The National Federation of Municipal Analysts wants to retool itself to reflect significant changes in the analyst community, as well as to lay the foundation for the next generation of muni analysts.

NFMA chair Mary Francoeur, a managing director at PFM Financial Advisors in New York described those efforts in an interview with the Bond Buyer.

Francoeur, who previously served as treasurer and chair of various NFMA committees, said the group is in the process of forming a committee charged with creating a long-term strategic plan for the group, which claims nearly 1,400 members. While the idea of a strategic plan is not new at the NFMA, this effort represents the first concrete steps in that direction.

Mary Francoeur
The NFMA is working to adapt and change to serve municipal analysts of the future, said Mary Francoeur.

“We’re really hoping to get it off the ground,” Francoeur said.

The members of the committee have not all been chosen, but two former NFMA chairs — Franklin Templeton vice president and research analyst Jennifer Johnston and Merritt Research Services president and chief executive officer Richard Ciccarone — have been tapped to co-chair the committee.

Francoeur said the analyst community and NFMA's membership have changed tremendously since she first became active with the group around 2006, making it appropriate to rethink the group’s priorities.

When she first joined the NFMA, Francoeur said, membership was fairly evenly distributed among buy-side analysts, rating agency analysts, and those who worked for bond insurers. Now, that balance has gone away with the decline of bond insurer membership.

About half of NFMA members now identify as buy-side analysts, according to NFMA records.

“I think what we’ve tried to do in how we operate is respond to some of those changes,” Francoeur said.

Francoeur has worked in multiple different sectors during her career. Prior to joining PFM in September 2016, she was a managing director at bond insurer Assured Guaranty, and earlier worked at FGIC and Moody’s Investor’s Service.

NFMA’s educational offerings have been most important to her over the years, Francoeur said, adding that she has enjoyed the ability to work with colleagues to provide valuable resources to the industry. She got involved first by volunteering to be part of a planning committee, and hasn’t looked back since.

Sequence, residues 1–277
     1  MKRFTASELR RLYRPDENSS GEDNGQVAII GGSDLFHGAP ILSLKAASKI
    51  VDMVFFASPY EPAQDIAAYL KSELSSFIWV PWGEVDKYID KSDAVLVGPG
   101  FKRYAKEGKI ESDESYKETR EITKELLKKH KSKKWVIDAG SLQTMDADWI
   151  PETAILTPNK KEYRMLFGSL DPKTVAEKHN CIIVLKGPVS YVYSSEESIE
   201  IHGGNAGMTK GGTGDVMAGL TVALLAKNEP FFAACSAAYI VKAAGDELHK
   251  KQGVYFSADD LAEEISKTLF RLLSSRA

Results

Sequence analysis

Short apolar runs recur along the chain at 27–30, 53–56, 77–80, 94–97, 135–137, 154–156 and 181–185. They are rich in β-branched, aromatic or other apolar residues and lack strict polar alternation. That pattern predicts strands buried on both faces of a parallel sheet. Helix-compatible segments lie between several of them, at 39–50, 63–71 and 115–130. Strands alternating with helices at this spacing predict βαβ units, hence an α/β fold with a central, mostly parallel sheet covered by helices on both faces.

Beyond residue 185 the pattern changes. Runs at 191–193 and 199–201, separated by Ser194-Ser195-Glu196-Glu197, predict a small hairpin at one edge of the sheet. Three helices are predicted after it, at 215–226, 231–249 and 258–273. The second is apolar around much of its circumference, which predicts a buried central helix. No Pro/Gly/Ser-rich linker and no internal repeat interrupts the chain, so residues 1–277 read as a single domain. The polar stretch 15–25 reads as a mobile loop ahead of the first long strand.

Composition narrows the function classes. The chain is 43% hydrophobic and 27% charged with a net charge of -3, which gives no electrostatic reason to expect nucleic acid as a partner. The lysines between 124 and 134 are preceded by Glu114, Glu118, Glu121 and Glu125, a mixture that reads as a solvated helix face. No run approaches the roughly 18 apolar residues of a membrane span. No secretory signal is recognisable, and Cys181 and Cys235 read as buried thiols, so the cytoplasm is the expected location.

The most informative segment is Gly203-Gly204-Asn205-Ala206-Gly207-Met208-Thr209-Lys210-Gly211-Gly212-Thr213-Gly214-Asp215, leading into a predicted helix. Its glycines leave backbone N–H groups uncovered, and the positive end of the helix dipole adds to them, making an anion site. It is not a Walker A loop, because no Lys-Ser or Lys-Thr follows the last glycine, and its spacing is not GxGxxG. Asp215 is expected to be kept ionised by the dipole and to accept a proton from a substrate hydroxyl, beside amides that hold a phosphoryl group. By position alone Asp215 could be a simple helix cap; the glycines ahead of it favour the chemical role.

“I just really enjoyed that experience,” she said. “It’s a great opportunity for me personally to get involved with a lot of really smart people and hopefully contribute to the goals of the organization.”

A big part of the NFMA’s priorities is an effort to spread that feeling to a younger generation. The NFMA already offers free student memberships, but Francoeur said the group is also exploring the possibility of creating a mentorship program and is directing constituent regional analyst organizations to identify opportunities at local colleges where future muni analysts might be found.

The NFMA also intends to take a look at how it can more effectively communicate with its young members, although Francoeur said she expects more specifics on that and other efforts to emerge out of the Johnston-Ciccarone committee.

But with those efforts underway, Francoeur said the NFMA will continue to push for improved disclosure in the market and will be updating some of its published disclosure best practices papers.

The group recently completed revised best practices for local general obligation bonds, and released a draft of a revision to its water and sewer disclosure best practices in December. Other revised best practices are in early stages.

The NFMA’s annual conference this year will be held May 29 to June 1 in Coronado, Calif. and Francoeur will be moderating a municipal industry roundtable.

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